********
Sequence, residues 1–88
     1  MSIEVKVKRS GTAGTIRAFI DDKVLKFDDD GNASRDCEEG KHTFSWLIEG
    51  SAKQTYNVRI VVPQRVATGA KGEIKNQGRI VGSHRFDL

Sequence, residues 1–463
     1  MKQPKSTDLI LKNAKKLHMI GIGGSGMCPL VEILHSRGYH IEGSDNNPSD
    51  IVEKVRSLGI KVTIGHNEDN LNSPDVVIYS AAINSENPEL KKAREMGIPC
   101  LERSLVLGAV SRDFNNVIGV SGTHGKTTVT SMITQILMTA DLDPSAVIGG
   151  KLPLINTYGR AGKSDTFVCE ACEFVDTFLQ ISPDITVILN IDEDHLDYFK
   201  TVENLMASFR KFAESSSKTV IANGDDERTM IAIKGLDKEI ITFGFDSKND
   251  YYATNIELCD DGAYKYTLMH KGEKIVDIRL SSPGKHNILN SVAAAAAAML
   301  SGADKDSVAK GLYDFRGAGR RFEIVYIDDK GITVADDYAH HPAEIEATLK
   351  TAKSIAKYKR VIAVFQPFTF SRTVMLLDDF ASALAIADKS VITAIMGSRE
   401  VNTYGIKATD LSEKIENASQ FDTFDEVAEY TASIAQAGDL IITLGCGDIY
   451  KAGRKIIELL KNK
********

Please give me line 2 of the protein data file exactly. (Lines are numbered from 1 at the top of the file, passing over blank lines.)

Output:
     1  MSIEVKVKRS GTAGTIRAFI DDKVLKFDDD GNASRDCEEG KHTFSWLIEG